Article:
Most every governmental commission convened has recommended that at minimum cannabis be decriminalized for adult possession; the federal government can proffer no data or statistics indicating that their war against cannabis consumers has had any success whatsoever; America’s national security and borders are made less—not more—secure because of Cannabis Prohibition.

In response to the federal failure, currently seventeen states and the District of Columbia have chosen to abandon the federal government’s scientifically absurd and inhumane prohibition on sick, dying and sense-threatened patients who’ve permission from their physician to have cannabis in their therapeutic arsenal for relief, safety, affordability and efficacy.

Additionally, fourteen states and numerous large municipalities have rejected the federal government’s blanket prohibition on cannabis and decriminalized possession.

This election cycle, the voting public will once again have the opportunity to put serious political and economic upward pressure on a totally recalcitrant U.S. Congress and Executive Branch to end the national prohibition on cannabis when no less than five states have either binding legalization or medicalization voter ballot initiatives.

Regrettably, regardless of the political party in control or whomever president, will Congress even hold lowly sub-committee hearings to finally start the process of reforming the federal government’s out-of-touch cannabis policies?

No, of course not.

Can Cannabis Prohibition continue to prevail in a free market oriented democracy like America, where approximately one out of eight citizens are considered ‘criminals’ by their own government?

This supposed ‘criminal’ activity is nothing more than consumers making the completely logical and rational consumer decision to use an ancient herb that the DEA’s own chief law judge ruled is “In strict medical terms marijuana is far safer than many foods we commonly consume…Marijuana in its natural form is one of the safest therapeutically active substances known to man.”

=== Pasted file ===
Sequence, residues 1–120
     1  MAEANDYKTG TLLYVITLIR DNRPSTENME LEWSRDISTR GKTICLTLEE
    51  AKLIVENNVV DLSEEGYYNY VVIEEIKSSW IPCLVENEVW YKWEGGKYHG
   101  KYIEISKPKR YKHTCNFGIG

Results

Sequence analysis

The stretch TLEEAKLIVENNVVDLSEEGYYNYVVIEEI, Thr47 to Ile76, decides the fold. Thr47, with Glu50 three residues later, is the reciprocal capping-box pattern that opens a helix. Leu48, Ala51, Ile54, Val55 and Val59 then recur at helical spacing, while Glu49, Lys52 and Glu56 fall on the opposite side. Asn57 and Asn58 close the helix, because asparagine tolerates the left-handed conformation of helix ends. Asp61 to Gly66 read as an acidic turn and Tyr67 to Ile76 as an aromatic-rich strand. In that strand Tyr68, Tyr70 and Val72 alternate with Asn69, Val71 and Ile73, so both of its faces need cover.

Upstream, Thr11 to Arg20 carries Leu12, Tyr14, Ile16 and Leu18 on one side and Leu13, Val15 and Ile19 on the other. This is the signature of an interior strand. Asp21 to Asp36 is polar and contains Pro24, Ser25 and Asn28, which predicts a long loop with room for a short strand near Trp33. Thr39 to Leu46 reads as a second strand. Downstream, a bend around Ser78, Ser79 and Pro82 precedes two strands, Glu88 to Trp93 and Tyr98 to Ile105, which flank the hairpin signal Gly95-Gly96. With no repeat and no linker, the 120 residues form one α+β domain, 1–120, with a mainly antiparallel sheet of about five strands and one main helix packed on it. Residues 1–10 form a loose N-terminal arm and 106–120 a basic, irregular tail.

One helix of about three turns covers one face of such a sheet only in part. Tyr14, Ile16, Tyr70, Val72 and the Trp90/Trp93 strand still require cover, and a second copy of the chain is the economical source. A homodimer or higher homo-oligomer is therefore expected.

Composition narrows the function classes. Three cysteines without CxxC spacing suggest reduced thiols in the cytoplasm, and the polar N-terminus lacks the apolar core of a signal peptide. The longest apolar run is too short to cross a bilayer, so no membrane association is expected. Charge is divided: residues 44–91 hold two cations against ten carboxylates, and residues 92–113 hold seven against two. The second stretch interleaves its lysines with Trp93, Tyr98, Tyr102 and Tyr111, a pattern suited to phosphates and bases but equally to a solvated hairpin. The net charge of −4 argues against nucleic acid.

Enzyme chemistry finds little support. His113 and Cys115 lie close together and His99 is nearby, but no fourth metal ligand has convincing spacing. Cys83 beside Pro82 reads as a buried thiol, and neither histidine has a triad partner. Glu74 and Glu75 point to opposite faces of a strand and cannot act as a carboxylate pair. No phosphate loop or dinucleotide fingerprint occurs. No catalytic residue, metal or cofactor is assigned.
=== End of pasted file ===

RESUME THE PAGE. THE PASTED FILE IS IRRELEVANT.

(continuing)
No, of course not.

Can this terribly wasteful, destructive, distracting, unsuccessful, constitution-warping status quo regarding Cannabis Prohibition fester much longer in America?

No, of course not.

This is made all the more difficult for American politicians to continuously embrace ‘Reefer Madness’ as more and more countries around the world—notably in Europe, Central and South America—are expressing severe frustration with America’s failed Cannabis Prohibition policies and law enforcement priorities. Currently, as many as eight countries in the Americas have pending legislation or litigation seeking to legalize cannabis in defiance of the United States.

Lastly, after all these decades of government oppression, bogus science, racist law enforcement and some industries making fortunes off of Cannabis Prohibition (think: private prisons, drug testing companies, contraband detection companies, etc…), can the cannabis plant legalize itself?

No, of course not.

Please help end Cannabis Prohibition in America (and therein around most of the world too). Please help legalize the remarkable, utilitarian, affordable and safe cannabis plant. Please do not vote for any politicians who want to continue with another seventy-five years of Cannabis Prohibition. Please join and donate to any cannabis law reform organization. Please get involved in your own liberation.

Can we succeed if we all work together in concert to end Cannabis Prohibition in our lifetimes?

Yes, of course.

Originally published by NORML.org